Ovulation Induction

secretion of hypothalamic and pituitary hormones such as FSH, and can normalize the pattern of follicle development in order to produce ovulation. CC is usually taken orally for 5 days early in the menstrual cycle. Approximately 80% of women will ovulate when treated with the proper dose of CC. The starting dose is usually 50 mg which may be increased by 50mg steps if ovulation is not produced at the first dose. Most physicians will use a dose of up to 150 mg, though some will consider doses of up to 250 mg. The best dose of CC is the lowest dose which produces predictable and regular ovulation. The side effects of CC are usually minor and include hot flushes, headaches, upset stomach, breast tenderness, and irritability. Excessive stimulation of the ovaries (ovarian hyperstimulation syndrome) in response to CC is rare. There is an increased risk of twins in women who are taking CC, estimated to be 5 to 8% of pregnancies. However, CC is rarely associated with high order multiple gestation (triplets or more), and is not known to increase the risk of birth defects.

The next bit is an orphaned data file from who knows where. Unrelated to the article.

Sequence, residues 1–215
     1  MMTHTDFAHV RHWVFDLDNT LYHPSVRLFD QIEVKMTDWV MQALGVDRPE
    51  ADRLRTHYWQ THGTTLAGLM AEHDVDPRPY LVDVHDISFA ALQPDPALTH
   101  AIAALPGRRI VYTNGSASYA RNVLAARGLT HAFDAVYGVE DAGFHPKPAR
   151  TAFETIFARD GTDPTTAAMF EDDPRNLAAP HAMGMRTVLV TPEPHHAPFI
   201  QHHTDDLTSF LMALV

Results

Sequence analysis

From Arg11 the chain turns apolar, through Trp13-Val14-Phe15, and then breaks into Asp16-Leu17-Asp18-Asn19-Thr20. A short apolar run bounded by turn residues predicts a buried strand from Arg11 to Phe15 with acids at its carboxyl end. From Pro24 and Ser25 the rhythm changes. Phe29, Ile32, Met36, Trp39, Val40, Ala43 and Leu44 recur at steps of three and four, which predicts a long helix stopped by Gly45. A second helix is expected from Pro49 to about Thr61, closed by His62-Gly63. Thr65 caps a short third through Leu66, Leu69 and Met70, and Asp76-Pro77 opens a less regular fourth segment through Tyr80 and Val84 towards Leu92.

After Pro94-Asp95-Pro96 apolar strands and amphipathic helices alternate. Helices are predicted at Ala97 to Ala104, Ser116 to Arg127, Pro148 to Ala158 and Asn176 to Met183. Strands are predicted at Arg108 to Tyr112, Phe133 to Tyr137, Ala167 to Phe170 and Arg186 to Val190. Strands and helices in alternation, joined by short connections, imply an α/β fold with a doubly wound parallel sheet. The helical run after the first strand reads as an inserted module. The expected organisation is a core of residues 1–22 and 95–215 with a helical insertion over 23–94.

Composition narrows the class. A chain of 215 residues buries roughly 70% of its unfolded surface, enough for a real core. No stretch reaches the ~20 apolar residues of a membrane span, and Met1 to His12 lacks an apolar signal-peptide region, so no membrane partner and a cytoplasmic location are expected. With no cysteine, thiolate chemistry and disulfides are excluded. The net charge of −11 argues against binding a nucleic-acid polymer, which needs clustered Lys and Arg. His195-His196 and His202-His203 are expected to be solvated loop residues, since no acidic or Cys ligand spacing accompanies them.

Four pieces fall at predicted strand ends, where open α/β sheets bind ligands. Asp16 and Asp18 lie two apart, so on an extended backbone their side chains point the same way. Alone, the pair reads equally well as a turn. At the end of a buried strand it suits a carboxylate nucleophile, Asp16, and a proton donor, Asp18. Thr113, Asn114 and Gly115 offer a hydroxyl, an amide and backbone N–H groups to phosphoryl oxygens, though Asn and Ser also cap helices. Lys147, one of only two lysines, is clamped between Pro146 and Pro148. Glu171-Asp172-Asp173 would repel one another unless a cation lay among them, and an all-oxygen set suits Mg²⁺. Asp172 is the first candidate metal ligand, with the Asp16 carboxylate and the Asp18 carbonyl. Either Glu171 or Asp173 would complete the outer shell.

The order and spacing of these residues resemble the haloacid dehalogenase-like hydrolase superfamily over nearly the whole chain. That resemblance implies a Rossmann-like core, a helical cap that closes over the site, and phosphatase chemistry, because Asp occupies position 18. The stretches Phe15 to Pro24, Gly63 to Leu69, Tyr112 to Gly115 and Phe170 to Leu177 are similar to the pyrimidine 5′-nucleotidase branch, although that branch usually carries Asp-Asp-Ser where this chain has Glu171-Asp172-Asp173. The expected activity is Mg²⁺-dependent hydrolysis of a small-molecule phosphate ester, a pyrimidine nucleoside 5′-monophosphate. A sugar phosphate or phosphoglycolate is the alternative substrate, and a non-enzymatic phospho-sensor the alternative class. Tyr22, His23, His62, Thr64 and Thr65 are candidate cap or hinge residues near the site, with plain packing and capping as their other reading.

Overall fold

It is important to monitor women on CC to find out if the treatment is working. Most women taking CC ovulate sometime between 4 and 10 days after the last pill, with most common days being days 6 and 7. Sometimes women taking CC choose to monitor their cycles by taking their temperature every morning (basal body temperature). After ovulation, progesterone secretion increases and causes a temperature raise of approximately 0.5 degrees F. This rise will not occur in women who do not ovulate. While this technique is helpful in confirming ovulation, it is not very useful in determining exactly when ovulation occurred since the day of the temperature rise may be as much as 2 days before or 2 days after the actual day of ovulation. For this reason, trying to conceive by having intercourse on the day of the temperature rise may prove to be inefficient.